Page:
We conclude that the appointment to the bureaucracy and election of active and retired military officers will continue in the coming years.
It is difficult, if not almost impossible, to unlearn what the soldier has learned and been exposed to in the last four decades. His socialization, and the fact that the regime tolerates this, has laid out for the soldier the inevitable option of taking over civilian tasks once he’s done with his military service.
In reality, his work as a soldier already serves as his training ground: helping communities in disaster operations, assisting in medical missions, building roads and bridges in remote towns, analyzing the root causes of rebellion and insurgency, and realizing that the two prevail because of the failure of civilian governance.
On the other hand, the last 16 years brought about military-friendly regimes that accepted, and in some cases encouraged, the influence and participation of the military in running state affairs.
In this instance, why bother staging a coup when power would be better wielded – and accepted – through government appointments and elective posts? Notice the huge number of military officers who joined elections since 1992, when Ramos was elected president. The last coup attempt by rebel soldiers was staged in 1989; what followed was nothing beyond rumors and noise about an impending coup.
Military theorists argue that the blurring of lines between civilian and military tasks results in the weakening of civilian institutions.
American academic Louis Goodman, Dean of the School of International Service of the American University, argues that the military should eventually give up these “transitional roles” – combating drug trafficking, fighting other crimes, constructing roads and bridges. To make these roles “permanent” weakens the capability of political systems to fully develop and causes the armed forces to neglect their traditional role on defense and security. He cites one particular disadvantage – in combating drug trafficking for example, a military officer would be vulnerable to bribery and this, in turn, would cause disrespect of the military.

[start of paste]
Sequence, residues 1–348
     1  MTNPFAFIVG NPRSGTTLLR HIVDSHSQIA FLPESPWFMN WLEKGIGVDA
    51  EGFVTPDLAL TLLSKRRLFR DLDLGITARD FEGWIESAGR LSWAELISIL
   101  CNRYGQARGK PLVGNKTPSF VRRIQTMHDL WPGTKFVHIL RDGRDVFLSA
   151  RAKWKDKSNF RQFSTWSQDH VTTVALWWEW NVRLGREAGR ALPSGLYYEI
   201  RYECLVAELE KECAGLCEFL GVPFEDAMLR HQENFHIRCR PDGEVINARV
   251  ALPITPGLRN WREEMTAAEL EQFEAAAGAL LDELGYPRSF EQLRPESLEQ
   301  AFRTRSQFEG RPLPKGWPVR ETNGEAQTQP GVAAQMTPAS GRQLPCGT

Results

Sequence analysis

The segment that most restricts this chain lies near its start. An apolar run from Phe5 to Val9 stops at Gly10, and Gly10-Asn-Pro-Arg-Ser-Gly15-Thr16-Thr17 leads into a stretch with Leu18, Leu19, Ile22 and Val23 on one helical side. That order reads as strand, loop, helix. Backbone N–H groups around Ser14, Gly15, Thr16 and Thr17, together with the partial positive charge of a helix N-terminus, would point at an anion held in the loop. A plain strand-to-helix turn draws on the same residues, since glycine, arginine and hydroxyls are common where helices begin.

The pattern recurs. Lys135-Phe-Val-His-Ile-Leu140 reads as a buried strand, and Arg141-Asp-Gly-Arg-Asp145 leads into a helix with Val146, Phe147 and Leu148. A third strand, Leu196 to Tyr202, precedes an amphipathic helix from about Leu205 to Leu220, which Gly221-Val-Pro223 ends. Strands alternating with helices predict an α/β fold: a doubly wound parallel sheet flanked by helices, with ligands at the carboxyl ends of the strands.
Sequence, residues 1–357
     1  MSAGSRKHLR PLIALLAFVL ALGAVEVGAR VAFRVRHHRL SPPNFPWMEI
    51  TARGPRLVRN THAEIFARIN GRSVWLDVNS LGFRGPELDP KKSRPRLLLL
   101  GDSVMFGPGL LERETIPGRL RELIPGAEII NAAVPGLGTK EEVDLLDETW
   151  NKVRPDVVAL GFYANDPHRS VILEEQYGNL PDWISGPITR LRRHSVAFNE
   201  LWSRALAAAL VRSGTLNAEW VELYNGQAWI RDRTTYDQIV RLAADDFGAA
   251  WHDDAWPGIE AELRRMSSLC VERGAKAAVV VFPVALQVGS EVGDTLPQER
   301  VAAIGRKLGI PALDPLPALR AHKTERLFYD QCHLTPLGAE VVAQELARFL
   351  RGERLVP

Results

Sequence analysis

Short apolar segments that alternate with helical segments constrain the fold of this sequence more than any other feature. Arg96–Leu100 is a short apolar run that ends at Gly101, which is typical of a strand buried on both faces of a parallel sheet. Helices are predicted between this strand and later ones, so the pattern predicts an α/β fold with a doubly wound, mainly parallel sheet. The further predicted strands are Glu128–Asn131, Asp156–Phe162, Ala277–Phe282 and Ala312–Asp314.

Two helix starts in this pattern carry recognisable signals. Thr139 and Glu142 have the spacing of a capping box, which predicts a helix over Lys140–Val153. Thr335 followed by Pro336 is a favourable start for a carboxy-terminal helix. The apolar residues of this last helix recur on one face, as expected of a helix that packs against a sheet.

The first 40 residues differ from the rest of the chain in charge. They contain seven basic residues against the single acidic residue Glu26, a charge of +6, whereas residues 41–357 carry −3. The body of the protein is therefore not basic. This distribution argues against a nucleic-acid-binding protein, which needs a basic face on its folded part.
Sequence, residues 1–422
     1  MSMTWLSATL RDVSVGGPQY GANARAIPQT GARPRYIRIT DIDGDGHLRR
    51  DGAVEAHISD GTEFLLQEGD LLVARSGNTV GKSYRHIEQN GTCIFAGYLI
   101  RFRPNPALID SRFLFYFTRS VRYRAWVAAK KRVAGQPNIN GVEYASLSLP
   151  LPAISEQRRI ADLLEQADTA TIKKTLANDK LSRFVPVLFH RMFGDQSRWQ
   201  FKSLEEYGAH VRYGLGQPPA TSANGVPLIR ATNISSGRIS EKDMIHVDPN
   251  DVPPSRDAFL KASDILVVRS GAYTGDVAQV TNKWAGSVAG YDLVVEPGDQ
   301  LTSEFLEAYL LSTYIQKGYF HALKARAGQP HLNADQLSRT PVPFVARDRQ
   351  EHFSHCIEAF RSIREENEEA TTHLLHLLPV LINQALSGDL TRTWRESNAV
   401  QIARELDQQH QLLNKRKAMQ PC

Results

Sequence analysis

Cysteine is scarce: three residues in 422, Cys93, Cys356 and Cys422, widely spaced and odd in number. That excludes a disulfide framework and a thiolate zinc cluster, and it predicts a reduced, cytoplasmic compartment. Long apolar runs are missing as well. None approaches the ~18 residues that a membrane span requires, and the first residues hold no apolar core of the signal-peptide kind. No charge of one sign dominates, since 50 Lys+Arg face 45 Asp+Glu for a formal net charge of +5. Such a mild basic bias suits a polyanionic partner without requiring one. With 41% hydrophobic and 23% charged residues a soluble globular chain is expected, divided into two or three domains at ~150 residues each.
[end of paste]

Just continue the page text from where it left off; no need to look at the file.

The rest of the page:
I would argue a step further to say that the appointment of officers to civilian posts is reflective of the rent-seeking character of the country’s elite, which includes the officer corps of the Armed Forces. In various departments and agencies, we see not only “military dynasties” but also blocs and turfs controlled by various elite groups such as a fraternity organization, university alumni, or law firm. Thus, it has become part of the norm to hear of a University of the Philippines “mafia” in a certain department or an “Upsilon” clique (a fraternity of law students in UP) in the Department of Justice.
What distinguishes the military “mafia” is the soldier’s culture, the top-down organization that he’s familiar with, the wide network he enjoys, and, most significantly, his access to – and training – in arms. It is the latter that puts regimes in a most vulnerable situation.
It is the latter that puts regimes in a most vulnerable situation.
For so long as the military brokers political transitions, for so long as there are insurgencies and rebellions that make the nation dependent on its armed forces, and for so long as weak civilian institutions remain vulnerable to destabilizing forces, this pattern of military appointments to the bureaucracy will continue.
Regimes will choose this path rather than risk an armed confrontation with their politicized soldiers. – RapplerPLUS
Editor’s Note: The research on military appointees from Cory Aquino to Gloria Arroyo was conducted by the author in 2003 for a pamphlet she published titled, “We Were Soldiers: Military Men in Politics and the Bureaucracy.”
Below are links to the stories that are part of this series: